However, this utopian ideal failed to materialise, leading to poorly run economies and nasty dictatorships that tyrannised and impoverished its subjects. It lead to the slaughtering of tens of millions of people. After the collapse of the Soviet Union at the end of the Cold War in 1991, Francis Fukuyama marked what he liked to describe as the ‘end of history’. That is, the end point of mankind’s ideological evolution and the universalization of Western liberal democracy as the final form of human government, effectively killing communism as a concept.

 

His prediction, that communism as a sociological structure would inevitably overthrow capitalism, was undisputedly proved wrong; with capitalism dominating the world system in the wake of globalization. Nevertheless, we should not discredit or reject Marx’s ideas too quickly, because his findings have continued to be relevant in so many different aspects of life.

 

Today, the global disparity between the rich and the poor is striking. 3.2 billion individuals sit at the bottom of the economic pyramid. Together they have 3% of global riches, despite representing 68.7% of the world population. As Marx predicted, capitalism has led to the rich becoming richer and poor remaining poor.

On top of that, he was right in thinking that capitalism would lead to boom/bust economics, in the form of financial crisis, recession and austerity. The most recent happening in 2008.

 

Unfortunately, Marx underestimated the ability of capitalism to make everybody richer by making products much cheaper. Since the 1980s – a period of time where capitalism was boosted under the leaderships of Margret Thatcher in the U.K. and Ronald Regan in the United States – the number of people in absolute poverty had fallen by around 1 billion.

 

Marx was also wrong in understanding capitalism’s ability to reform itself, with the introduction of the welfare state being capable of redistributing wealth through taxation.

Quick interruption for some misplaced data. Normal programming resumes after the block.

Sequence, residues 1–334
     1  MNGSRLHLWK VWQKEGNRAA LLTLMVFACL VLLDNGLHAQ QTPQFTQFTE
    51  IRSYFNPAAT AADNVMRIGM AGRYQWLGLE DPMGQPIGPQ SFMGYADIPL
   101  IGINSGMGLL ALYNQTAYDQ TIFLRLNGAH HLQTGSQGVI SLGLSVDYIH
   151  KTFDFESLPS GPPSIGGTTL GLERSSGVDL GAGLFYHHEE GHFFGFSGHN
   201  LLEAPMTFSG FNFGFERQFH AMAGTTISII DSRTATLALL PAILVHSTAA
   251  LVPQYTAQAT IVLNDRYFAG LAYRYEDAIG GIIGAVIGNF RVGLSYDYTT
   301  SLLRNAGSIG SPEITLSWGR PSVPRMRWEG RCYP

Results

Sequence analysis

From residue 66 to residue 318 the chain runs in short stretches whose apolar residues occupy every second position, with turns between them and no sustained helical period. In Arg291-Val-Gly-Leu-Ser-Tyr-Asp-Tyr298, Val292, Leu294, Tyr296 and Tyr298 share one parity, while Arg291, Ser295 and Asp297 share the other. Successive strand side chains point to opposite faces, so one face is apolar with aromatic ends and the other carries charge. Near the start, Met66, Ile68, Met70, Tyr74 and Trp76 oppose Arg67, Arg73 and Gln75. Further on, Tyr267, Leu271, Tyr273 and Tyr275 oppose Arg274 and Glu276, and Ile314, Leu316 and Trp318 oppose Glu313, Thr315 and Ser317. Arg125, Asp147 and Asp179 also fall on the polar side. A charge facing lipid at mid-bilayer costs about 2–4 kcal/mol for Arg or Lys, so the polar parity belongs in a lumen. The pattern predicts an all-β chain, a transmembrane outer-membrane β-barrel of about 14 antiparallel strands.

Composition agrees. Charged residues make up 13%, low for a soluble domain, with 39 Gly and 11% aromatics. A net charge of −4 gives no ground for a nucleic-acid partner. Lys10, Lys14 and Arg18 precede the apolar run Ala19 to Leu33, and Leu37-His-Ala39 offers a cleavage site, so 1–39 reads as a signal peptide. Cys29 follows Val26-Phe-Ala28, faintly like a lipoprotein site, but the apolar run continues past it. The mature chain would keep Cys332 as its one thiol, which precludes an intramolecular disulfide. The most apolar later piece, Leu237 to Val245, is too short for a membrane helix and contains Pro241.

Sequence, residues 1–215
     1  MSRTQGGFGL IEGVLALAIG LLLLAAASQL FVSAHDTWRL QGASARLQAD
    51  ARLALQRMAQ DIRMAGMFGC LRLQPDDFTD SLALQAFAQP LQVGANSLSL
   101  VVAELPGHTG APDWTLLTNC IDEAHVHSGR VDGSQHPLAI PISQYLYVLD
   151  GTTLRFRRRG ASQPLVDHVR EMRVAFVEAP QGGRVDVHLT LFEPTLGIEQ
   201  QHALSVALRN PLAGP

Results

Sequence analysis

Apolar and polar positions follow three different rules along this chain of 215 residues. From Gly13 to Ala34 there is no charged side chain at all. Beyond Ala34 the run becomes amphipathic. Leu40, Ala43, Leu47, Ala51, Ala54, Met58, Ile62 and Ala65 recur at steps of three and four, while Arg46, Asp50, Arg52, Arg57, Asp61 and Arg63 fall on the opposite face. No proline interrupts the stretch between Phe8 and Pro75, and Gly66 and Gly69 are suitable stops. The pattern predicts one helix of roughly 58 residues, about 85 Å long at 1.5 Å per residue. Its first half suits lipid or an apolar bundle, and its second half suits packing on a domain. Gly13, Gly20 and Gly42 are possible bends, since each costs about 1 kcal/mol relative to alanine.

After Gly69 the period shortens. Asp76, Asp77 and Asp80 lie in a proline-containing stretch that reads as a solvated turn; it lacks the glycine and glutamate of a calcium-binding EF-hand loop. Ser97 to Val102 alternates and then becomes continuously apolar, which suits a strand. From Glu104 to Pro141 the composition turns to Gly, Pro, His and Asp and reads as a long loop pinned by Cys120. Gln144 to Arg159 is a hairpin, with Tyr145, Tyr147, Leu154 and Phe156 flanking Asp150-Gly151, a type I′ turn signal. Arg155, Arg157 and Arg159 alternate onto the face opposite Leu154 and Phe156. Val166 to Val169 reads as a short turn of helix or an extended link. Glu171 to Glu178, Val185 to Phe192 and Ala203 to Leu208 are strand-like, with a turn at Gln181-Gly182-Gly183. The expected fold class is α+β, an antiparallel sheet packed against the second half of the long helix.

There is a lot to learn from Marx, but his solution was far worse than the disease. The School of Life brilliantly describe Marx as being like a doctor during the early days of medicine; he could recognise the nature of the problem at hand, although he had no idea how to go about curing it.

 

Was Marx right about anything? Of course he was, and many of the issues he outlined are sadly intact today. Marx had so many ideas, including alienation (Entfremdung) and how work turns people into machines. If you look at an Apple production line in China, you would not see his ideas as outdated, would you?

 

He is revered by many on the left in Britain, including Labour leader Jeremy Corbyn and Shadow Chancellor John McDonnell. Just look at the last Labour party manifesto, where you could see elements of Marxism embedded throughout, such as the nationalisation of the rail networks or the scrapping of university tuition fees. Their 40% vote share can still be a justification as to why Marxism is still relevant today, and how many of his ideas are still being implemented. He must have done something right if his ideas are still being embraced by millions.

We ought to see Marx as a guide to our troubles, whose diagnoses of capitalism’s ills helps us to navigate us towards a more prosperous life. Whether you agree with the man or not, we should all be Marxist in the sense of us being critical in challenging what we believe is right or wrong. As Marx rightfully puts in ‘The Eleventh Thesis on Feuerbach’:

 

“Philosophers have hitherto only interpreted the world in various ways; the point is to change it.”